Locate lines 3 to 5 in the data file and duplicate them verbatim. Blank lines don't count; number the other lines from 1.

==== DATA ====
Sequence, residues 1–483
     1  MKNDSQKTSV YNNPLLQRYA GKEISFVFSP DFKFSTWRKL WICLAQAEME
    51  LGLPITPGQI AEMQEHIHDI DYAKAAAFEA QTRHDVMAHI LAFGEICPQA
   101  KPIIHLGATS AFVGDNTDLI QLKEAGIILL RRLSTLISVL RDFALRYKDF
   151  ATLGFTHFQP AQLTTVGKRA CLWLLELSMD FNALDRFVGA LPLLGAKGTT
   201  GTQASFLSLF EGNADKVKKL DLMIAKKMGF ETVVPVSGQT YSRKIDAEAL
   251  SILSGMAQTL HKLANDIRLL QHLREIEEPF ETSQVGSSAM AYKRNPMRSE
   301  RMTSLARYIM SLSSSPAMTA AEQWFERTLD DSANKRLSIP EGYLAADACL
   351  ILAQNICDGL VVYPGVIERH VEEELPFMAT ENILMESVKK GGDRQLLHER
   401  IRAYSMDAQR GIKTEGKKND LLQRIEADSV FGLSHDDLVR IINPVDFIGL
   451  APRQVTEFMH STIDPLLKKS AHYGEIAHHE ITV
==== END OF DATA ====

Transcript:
    51  LGLPITPGQI AEMQEHIHDI DYAKAAAFEA QTRHDVMAHI LAFGEICPQA
   101  KPIIHLGATS AFVGDNTDLI QLKEAGIILL RRLSTLISVL RDFALRYKDF
   151  ATLGFTHFQP AQLTTVGKRA CLWLLELSMD FNALDRFVGA LPLLGAKGTT